Why is America so polarized? Back in 1961 MIT student James Stoner wrote a master’s thesis that suggested people in groups undergo a “risky shift,” making decisions that are more risky or extreme than the average group member would individually. This was counterintuitive — previously, psychologists thought groups would weigh facts and lean toward the moderate middle, like a jury building a logical consensus — but subsequent studies found Stoner was right. When we get in groups, we go to extremes.
Why? Reasons could be groups diffuse responsibility (you don’t worry as much about the impact on you personally if the group suggests something radical); risk-takers exude confidence and so may lead groups to the edge; and as group members begin paying attention to an issue or problem (global warming is a hoax!), they worry less about the potential negative impacts (um, if it isn’t, we might destroy the planet). The best answer, perhaps, is that people make decisions by weighing “pro” and “con” arguments — but if you hang with a group that leans only one way, the information you are exposed to is biased in your direction, accelerating your viewpoint (since you really aren’t consuming a broad enough array of data to make a truly informed decision).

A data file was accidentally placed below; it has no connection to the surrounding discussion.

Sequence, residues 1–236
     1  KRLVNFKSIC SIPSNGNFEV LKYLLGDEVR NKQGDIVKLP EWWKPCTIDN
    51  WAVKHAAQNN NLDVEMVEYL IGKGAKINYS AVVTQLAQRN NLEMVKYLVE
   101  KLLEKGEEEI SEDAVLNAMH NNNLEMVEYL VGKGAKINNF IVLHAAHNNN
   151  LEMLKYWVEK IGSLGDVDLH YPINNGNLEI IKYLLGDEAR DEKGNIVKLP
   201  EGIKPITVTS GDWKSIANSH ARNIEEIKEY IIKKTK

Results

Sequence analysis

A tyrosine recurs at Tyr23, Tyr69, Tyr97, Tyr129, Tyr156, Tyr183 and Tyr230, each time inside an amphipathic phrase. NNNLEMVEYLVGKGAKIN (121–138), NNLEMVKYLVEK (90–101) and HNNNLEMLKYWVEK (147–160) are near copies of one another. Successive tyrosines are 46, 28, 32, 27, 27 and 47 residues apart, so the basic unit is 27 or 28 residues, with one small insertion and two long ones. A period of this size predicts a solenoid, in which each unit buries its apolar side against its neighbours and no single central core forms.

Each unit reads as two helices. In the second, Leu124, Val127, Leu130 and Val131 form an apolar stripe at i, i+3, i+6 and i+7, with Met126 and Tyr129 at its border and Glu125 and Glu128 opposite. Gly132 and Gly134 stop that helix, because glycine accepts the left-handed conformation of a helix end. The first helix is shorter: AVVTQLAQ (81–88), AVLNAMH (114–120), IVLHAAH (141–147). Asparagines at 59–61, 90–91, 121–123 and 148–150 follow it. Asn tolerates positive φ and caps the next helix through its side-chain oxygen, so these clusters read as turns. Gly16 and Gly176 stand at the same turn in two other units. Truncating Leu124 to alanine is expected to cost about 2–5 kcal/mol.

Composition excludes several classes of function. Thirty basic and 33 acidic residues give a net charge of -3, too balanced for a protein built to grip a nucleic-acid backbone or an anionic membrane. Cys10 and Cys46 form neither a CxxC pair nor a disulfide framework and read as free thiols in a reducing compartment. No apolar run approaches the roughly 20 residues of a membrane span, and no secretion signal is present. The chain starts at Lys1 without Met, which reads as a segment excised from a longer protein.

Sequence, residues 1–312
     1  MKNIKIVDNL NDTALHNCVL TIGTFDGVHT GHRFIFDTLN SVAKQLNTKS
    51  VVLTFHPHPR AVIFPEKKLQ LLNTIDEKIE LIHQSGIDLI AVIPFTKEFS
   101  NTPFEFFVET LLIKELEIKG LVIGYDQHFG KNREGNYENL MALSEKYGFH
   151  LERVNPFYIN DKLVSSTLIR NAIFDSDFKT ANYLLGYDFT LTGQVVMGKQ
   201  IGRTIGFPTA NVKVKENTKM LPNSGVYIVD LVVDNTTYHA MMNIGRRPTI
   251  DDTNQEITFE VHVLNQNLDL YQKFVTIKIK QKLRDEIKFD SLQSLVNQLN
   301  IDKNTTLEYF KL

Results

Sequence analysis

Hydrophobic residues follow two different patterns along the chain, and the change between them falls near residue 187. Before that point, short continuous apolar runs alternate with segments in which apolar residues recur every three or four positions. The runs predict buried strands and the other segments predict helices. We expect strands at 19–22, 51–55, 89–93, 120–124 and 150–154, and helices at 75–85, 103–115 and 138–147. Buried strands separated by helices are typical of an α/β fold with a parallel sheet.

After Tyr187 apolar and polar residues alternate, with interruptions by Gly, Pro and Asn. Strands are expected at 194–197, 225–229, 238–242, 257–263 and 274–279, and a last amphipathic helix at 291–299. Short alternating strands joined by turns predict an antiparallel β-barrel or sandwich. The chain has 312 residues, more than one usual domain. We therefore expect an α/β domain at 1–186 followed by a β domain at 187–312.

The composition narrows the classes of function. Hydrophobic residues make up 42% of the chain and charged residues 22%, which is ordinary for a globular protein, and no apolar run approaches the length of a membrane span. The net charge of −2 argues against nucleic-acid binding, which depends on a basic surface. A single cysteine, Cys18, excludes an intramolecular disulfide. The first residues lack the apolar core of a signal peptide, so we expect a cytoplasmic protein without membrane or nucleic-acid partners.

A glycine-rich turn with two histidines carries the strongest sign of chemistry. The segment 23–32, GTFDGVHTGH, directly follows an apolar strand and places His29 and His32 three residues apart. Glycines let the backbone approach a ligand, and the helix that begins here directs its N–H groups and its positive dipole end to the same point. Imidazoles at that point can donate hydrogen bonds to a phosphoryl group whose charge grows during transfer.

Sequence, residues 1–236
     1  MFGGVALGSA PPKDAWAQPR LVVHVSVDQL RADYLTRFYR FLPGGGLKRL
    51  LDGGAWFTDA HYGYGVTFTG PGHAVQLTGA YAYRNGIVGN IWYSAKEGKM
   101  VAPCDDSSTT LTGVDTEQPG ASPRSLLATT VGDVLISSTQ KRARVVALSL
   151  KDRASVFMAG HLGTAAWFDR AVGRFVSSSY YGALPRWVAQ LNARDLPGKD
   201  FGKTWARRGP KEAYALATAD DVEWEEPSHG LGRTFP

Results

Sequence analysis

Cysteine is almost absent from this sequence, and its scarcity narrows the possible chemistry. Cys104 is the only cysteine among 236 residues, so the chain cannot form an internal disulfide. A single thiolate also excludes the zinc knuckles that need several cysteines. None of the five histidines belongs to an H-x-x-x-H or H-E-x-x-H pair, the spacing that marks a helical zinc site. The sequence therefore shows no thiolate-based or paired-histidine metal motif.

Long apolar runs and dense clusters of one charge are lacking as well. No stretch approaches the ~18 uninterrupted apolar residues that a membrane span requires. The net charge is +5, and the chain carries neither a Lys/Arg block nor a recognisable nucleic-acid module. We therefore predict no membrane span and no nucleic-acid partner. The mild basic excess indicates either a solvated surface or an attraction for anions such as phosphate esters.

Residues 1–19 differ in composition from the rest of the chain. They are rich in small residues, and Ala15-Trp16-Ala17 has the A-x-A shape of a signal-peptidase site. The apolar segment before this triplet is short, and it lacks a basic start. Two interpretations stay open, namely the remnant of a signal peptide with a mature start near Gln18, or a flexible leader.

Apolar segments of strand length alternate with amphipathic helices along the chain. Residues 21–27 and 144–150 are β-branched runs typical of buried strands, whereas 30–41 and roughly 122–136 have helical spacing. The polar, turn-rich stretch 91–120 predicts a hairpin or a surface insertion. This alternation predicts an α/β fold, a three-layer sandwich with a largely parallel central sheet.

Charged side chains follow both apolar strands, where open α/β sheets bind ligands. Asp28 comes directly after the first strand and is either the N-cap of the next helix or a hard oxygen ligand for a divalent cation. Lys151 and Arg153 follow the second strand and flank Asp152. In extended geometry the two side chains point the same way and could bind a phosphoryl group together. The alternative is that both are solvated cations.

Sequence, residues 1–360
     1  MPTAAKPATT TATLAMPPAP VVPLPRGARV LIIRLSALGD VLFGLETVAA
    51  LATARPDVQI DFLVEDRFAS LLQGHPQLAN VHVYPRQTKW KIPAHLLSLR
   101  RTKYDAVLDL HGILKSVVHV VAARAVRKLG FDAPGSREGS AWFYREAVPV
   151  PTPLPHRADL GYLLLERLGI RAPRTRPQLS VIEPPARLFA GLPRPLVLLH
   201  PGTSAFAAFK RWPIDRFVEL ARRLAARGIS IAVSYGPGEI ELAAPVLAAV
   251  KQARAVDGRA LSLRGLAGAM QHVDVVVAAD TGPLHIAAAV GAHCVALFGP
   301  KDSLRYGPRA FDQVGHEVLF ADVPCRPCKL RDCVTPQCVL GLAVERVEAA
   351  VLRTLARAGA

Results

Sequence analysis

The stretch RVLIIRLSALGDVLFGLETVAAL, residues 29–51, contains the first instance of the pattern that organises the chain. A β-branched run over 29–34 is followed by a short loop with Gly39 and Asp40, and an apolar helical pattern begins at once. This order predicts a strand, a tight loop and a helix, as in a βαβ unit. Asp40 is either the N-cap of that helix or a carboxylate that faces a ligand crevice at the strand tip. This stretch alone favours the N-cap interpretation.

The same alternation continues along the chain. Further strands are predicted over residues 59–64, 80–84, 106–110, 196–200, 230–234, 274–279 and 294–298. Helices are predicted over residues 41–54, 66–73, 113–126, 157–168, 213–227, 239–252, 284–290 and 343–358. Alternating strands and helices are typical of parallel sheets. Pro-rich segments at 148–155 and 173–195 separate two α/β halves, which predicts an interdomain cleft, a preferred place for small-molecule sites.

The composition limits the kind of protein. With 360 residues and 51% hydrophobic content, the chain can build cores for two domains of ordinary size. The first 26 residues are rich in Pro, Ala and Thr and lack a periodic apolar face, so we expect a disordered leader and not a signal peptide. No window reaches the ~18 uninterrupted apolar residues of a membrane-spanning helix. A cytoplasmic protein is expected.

This explains the Tea Party, 2010’s healthcare arguments, Fox News, MSNBC, global warming deniers, oil company haters, and the pendulum swing in U.S. politics between conservatives and liberals every two to four years. Fragmented consumer media and feedback from social media have accelerated this, as we can subscribe to only the data sets that reinforce our bias. We’re shifting opinions, and that may be risky.
Original posted on Google+. Image: Sadie Hernandez.